LAFAYETTE, Ind. – A unique event, recently organized by the North Central Legislative Forum Committee (NCLFC), invited elected officials to participate in a mental health simulation.
The creator of the event and the participants
The NCLFC is a group made up of several local organizations and mental health advocates, such as Willowstone Family Services; Valley Oaks Health; Bauer Family Resources and many more.
The event, held last week, featured elected officials, such as Indiana State Rep. Sheila Klinker and Sheriff Bob Goldsmith, taking part in a simulation where each attendee receives a profile based on real local mental health patients, followed by research of health care providers for their specific situation.
How mental health simulations worked
Additional factors such as “life events”, wait times and simulated symptoms of mental disorders have been included in the event to make the scenarios even more realistic.
Each of the profiles was rated on a scale of 1 to 10 on the mental health continuum scale. This is a chart with one to two categorized as mental health crises and nine and 10 categorized as healthy and functioning normally.
The profile of “Gavin” was shared among the participants, one of whom was Goldsmith.
“What I found starting with one (on the continuum scale) and trying to kill yourself, no job, no support…You constantly go from medication to appointment, from medication to an appointment.”
Participants, based on the needs of their profiles, traveled from stations set up throughout the Howarth Center to attempt to find the appropriate care they needed. Different profiles ended up with different results, with some increasing their overall mental health continuum score, others ending up having it lowered.
Klinker had the profile of “Burt”.
“I have a wife and two kids,” Klinker read from his provided profile, “but I have MS. Upon retirement, I thought I was going to be able to run marathons and travel with my wife. But no, I have MS and so my life kind of stopped for a while.
“So I went to see several goalies, Valley Oaks, I was going to have to wait a bit…”
Klinker’s mock storyline ended with “Burt” going to a privately-practised doctor and paying for medical bills out of pocket in order to get medical help sooner.
Klinker’s profile began with a seven on the continuum scale, where he experienced “current and reversible distress” and ended at level four, where he experienced “severe and persistent functional impairment”, due to the financial costs of receiving medical care; and the limited Medicare acceptance rate of some therapists.
Other elements of the event based on the profiles included simulations of schizophrenia and how it affects daily life and seeking mental health help, the mental impact of spending time in prison and the long delays in waiting that may occur while waiting for an appointment; sometimes months.
General objectives of the simulation
Kulkarni spoke with the Journal & Courier about some of the main goals of this mental health simulation.
“The group chose an experiential exercise designed to facilitate a better understanding of the complexities of the mental health system,” Kulkarni said, “and opportunities for improvement through legislation at the local, state and federal levels.”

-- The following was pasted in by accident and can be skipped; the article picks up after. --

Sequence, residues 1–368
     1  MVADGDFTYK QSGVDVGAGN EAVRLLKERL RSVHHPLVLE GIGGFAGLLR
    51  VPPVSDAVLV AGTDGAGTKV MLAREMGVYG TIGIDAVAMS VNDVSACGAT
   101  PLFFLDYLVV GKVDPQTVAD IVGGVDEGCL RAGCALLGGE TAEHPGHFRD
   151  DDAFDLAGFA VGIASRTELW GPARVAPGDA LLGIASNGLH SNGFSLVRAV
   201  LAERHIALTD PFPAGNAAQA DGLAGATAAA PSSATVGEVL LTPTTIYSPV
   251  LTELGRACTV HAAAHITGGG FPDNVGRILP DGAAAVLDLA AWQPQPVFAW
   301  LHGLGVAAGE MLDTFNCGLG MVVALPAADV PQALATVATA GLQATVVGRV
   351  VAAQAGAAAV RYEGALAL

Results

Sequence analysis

This goal of working towards changes in our current mental health care system is something that was advanced through the event, according to Jenni Murtaugh, executive director of Willowstone Family Services.
“It was really the hope,” Murtaugh said, “is that this experiential learning would really inspire rather than just inform…and I think maybe we did.”
Goldsmith’s call to action
Goldsmith also reflected on what he took away from the experience.
“I really enjoyed it,” Goldsmith said. “It’s eye-opening to see what people have to go through when they’re on the street. And a lot of them, and the person I was (in the simulation), you do it yourself. You don’t you don’t have a carpool, you don’t have resources, money (or insurance).”
With the aim of this event to work towards legislative change to the current mental health system, Goldsmith has provided what he is able and willing to do to work – particularly as it relates to communicating appropriate care – towards that goal. .
“I want our medical provider to guide our people, our inmates, to the right care,” Goldsmith said, “with the right company. But then make sure those companies are on board, that this communication happens between our medical team and the other company.
“I think that’s (currently) the case, but it can always get better.”
Other Simulation Highlights
Here are some of the objectives listed as part of the mental health simulation:
- Supporting alternative care – diverting people with mental illness from prisons
- Prevention issues – mental health legislation and resources available to all community agencies where possible
- Legislation to improve the assurance and accreditation panel process (which) would alleviate issues that limit access
- Telehealth is important for access – ensuring telehealth remains an option (and is supported by) broadband access in all rural communities in the state
Margaret Christopherson is a reporter for the Journal & Courier. Email her at email@example.com and follow her on Twitter @MargaretJC2.
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